Jeruba's avatar

Yes, it would be best to reschedule if you can. Bringing spreadable germs into the workplace is frowned on for a good reason. How much more of a pain will it be for him if he is down for a week or two on account of your reluctance to warn him?

CWOTUS's avatar

Unless you’re highly symptomatic right now, such as a continuously running nose; red, watery eyes; a hacking and continuous cough, for example, I would still go to the interview, acknowledge the cold (and avoid shaking hands, with a brief explanation that it’s out of thoughtfulness to the interviewer) and just ignore it and press on.

If you’re highly symptomatic or the thought of being in the interview with the cold causes you undue stress, then cancel it with an explanation, and reschedule if you can.

JLeslie's avatar

I still say leave it up to him. Let him know the situation, say you are perfectly willing to still make the time and date already agreed upon, but wanted to give him/her the option of changing it.

nikipedia's avatar

Take some cold medicine and wash your hands frequently. Bring hot tea and a pocket pack of tissues. Avoid the handshake.

Bellatrix's avatar

I would call and explain you are sick and ask if they would like you to reschedule. Or perhaps they can do a telephone interview? If they don’t want to reschedule or do a phone interview, then take some tissues, avoid physical contact and have some water with you. I find my throat is often dry and scratchy when I have a cold. Good luck with the interview – now or when it happens.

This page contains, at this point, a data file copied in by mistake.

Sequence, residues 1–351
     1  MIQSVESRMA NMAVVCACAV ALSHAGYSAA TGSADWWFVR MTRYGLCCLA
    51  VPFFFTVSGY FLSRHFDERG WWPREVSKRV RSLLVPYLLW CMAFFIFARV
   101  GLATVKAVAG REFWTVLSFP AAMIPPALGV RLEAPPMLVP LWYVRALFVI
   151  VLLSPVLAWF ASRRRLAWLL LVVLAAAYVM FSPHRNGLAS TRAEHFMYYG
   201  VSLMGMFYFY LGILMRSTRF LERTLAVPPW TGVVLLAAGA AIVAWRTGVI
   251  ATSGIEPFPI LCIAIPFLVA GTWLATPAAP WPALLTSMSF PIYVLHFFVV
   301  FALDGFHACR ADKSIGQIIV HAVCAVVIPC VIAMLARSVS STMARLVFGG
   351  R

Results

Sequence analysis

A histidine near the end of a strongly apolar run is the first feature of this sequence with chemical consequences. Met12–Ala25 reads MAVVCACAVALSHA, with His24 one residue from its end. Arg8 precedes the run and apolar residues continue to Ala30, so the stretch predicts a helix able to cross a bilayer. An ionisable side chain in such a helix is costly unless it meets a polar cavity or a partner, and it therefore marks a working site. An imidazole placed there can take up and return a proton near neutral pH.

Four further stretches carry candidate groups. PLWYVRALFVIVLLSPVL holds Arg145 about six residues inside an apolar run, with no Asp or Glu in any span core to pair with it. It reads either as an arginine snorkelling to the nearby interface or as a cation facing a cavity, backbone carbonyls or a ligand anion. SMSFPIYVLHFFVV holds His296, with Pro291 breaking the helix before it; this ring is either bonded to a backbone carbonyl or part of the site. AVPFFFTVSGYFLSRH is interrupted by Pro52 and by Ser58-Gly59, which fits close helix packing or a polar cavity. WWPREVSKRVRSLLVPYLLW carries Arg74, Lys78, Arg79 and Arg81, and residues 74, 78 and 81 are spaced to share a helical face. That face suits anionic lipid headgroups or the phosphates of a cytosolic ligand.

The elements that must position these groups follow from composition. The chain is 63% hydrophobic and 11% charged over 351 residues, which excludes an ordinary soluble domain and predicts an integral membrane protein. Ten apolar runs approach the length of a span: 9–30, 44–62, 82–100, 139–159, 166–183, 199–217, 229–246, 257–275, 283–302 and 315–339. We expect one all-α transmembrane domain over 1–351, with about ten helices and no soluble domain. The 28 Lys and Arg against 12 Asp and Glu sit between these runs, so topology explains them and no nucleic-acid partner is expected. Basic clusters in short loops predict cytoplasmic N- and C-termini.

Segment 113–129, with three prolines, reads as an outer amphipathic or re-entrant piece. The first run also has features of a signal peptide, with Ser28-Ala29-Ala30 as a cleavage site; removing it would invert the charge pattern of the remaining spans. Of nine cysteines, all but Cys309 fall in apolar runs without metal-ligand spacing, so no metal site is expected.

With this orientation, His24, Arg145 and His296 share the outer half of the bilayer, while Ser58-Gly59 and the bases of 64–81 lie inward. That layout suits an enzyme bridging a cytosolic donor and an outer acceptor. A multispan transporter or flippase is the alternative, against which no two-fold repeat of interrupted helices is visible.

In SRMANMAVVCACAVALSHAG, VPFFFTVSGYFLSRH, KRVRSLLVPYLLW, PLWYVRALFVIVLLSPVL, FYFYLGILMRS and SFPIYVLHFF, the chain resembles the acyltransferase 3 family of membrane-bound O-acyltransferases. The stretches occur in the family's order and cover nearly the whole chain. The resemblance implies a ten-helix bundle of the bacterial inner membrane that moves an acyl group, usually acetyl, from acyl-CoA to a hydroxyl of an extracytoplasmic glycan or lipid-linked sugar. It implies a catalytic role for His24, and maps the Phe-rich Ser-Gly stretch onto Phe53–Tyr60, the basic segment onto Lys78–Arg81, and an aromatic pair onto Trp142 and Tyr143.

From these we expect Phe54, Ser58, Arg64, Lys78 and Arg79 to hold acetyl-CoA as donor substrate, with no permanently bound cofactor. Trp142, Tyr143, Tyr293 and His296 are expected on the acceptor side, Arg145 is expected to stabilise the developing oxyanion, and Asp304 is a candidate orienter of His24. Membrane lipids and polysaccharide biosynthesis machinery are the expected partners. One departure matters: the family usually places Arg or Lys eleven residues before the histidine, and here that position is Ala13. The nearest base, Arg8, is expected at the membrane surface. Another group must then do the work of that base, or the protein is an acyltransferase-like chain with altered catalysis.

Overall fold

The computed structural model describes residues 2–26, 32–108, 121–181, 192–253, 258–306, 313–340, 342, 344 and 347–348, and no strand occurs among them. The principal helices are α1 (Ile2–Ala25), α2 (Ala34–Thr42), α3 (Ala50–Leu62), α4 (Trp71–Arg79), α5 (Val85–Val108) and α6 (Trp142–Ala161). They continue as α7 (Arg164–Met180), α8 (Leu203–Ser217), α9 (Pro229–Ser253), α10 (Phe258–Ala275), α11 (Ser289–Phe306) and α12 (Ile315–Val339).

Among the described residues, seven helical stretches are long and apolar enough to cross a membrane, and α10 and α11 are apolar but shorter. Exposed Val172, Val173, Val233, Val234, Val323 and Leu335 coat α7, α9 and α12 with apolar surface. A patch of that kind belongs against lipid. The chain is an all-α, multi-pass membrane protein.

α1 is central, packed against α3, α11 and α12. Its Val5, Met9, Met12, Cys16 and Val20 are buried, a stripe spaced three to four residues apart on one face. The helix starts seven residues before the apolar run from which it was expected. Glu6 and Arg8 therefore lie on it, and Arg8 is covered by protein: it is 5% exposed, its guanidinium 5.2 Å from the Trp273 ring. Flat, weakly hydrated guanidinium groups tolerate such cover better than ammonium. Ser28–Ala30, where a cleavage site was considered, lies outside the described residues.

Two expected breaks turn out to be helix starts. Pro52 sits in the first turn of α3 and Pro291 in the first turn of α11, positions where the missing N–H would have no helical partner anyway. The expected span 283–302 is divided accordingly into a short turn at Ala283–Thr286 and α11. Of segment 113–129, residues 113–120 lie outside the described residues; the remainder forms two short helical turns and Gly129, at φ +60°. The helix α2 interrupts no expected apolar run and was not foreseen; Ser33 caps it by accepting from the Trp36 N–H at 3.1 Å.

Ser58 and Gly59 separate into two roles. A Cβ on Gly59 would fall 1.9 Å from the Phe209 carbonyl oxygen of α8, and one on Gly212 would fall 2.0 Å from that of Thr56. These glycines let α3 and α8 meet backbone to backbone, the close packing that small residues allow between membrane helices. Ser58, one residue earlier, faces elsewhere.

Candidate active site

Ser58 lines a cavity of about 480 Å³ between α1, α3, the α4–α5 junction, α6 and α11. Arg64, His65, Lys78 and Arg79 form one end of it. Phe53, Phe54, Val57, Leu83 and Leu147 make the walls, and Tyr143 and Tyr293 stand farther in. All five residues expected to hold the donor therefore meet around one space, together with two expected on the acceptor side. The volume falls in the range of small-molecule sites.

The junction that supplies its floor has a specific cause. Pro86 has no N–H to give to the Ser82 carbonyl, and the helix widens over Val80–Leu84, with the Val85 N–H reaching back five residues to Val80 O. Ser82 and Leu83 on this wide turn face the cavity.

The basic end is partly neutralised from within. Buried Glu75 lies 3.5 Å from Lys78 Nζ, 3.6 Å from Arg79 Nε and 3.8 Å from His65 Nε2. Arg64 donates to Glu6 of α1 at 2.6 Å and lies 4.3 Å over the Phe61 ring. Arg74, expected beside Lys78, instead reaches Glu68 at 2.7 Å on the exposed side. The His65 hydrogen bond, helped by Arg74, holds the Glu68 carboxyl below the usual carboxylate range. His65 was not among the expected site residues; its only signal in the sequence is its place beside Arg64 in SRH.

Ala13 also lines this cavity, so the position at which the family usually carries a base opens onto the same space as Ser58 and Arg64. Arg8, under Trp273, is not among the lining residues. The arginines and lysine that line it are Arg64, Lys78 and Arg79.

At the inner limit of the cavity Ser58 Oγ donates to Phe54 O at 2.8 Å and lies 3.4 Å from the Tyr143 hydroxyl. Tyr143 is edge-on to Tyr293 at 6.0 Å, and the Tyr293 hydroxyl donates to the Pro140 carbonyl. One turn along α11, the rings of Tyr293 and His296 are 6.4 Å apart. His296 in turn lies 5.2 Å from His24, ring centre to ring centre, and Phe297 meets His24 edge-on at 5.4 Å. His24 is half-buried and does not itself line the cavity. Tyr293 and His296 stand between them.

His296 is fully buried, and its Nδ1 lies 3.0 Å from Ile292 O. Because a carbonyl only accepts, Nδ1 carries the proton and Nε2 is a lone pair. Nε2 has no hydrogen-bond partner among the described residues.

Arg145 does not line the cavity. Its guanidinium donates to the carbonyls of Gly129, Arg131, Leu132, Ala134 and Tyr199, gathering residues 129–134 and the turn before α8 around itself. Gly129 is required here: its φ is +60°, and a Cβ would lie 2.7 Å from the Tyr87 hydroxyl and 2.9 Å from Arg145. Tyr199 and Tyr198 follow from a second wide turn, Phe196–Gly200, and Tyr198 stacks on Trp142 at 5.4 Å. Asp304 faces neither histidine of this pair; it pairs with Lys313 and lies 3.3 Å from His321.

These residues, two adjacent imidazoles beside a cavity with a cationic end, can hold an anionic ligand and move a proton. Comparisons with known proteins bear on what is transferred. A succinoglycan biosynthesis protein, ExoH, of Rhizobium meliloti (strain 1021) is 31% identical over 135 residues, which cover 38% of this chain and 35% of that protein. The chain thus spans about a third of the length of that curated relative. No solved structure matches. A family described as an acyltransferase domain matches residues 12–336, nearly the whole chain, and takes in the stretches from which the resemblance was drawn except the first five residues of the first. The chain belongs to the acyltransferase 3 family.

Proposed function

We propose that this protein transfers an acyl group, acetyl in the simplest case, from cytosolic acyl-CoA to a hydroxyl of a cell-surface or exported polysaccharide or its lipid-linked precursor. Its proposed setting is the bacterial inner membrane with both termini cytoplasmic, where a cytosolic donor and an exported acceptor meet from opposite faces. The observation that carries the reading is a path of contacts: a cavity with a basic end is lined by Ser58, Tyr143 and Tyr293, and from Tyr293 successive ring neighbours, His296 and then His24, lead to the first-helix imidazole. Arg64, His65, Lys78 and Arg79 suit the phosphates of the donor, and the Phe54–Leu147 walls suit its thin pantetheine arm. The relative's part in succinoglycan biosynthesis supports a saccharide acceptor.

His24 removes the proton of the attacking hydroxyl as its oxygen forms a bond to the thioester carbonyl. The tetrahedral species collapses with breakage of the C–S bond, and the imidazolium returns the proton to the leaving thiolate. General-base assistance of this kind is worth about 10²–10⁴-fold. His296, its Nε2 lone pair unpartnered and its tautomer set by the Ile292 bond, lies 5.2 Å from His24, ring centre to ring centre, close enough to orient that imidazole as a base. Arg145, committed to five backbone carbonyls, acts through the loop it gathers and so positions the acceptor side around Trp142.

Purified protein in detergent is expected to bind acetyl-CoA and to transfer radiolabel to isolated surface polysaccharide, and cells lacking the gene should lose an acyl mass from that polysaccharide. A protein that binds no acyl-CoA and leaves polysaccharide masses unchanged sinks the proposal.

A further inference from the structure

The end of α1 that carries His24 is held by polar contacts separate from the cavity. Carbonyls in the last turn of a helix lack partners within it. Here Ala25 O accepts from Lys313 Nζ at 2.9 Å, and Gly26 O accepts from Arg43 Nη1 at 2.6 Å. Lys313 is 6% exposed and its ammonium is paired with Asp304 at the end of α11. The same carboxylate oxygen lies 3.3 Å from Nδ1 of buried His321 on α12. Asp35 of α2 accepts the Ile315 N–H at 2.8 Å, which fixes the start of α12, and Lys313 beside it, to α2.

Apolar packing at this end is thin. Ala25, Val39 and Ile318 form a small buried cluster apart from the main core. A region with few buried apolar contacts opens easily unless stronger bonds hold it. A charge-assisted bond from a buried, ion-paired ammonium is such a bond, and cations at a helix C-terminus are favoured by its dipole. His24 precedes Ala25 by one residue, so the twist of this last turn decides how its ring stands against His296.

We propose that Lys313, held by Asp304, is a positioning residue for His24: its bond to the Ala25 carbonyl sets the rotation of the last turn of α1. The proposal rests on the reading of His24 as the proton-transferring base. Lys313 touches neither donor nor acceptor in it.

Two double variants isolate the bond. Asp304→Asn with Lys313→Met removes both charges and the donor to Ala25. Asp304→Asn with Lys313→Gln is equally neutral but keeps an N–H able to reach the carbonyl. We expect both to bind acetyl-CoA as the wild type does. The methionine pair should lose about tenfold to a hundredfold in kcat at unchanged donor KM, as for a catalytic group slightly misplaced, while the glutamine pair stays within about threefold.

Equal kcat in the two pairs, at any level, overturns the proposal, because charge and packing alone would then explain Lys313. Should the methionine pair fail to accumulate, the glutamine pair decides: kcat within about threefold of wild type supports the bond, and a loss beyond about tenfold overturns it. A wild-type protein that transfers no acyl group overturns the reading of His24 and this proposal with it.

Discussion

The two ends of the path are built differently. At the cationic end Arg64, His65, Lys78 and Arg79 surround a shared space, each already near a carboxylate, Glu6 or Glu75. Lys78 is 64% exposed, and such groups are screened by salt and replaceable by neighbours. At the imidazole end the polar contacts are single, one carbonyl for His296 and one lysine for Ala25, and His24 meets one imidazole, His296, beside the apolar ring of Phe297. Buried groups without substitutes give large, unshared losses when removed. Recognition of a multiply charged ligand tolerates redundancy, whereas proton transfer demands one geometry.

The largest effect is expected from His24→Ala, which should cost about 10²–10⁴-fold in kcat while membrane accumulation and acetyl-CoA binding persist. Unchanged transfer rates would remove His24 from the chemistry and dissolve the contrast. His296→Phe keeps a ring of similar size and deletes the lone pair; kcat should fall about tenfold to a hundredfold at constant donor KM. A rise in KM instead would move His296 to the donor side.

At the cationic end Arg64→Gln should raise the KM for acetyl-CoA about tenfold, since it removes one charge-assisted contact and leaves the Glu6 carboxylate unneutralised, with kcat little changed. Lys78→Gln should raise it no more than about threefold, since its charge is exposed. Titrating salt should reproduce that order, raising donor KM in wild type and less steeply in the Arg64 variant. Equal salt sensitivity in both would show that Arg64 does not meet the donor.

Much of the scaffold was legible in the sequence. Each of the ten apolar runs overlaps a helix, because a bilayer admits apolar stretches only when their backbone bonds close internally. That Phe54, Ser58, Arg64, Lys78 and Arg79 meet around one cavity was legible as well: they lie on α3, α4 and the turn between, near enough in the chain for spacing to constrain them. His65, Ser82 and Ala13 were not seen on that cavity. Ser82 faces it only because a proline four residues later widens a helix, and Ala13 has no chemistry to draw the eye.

glacial's avatar

Offering to interview by phone or Skype is a good idea. Shows you’re still very keen, but don’t want to infect the workplace. But don’t push it; if they show reluctance, then accept that right away.

I’ve interviewed a lot of people for jobs; my choice would be to have you come in. The risk of infection is low if we’re not in contact (so, agreed on the no handshaking), and it’s inconvenient to have to reschedule. Everyone gets sick from time to time; it’s going to happen with some interviewees.

JLeslie's avatar

My husband has offered skype in the past, that’s a good suggestion @glacial. It’s good if there is likely to be follow up interviews anyway. If it is a one shot deal though, where they tend to hire on the spot, then that probably won’t work.

If you do decide to go to the interview as scheduled. Afrin your nose and take a decongestant, except remember some decongestants can cause drowsiness. And, take ibupofen if you are able too. Ibuprofen is like a magic drug I swear. it will help you feel better, unless of course you have some sort of adverse reaction to ibuprofen typically. Remember to eat a little with it and plenty of water to protect your tummy.

Jeruba's avatar

@Mariah, be sure to come back and tell us what you did—and how it went. Belated good-luck wishes.

Mariah's avatar

Wellll I didn’t end up sending an email about it, kinda selfish but I just wasn’t feeling too bad and I wanted to get the interview over with. I woke up feeling even better and the interview went pretty well. No runny nose issues.

Bellatrix's avatar

Not selfish. If you felt fine and didn’t go sneezing and snuffling all over them, all good. Hope you get the job!

Mariah's avatar

I got the job!

flutherother's avatar

Congratulations Mariah! I am pleased for you. Well done.

Jeruba's avatar

Oh, excellent! Congratulations, @Mariah, well done. When do you start? I hope you’ll have chased the cold away by then.

Mariah's avatar

Oh, it’s a summer internship. The cold had better be gone by then!

Thanks for the congrats, all!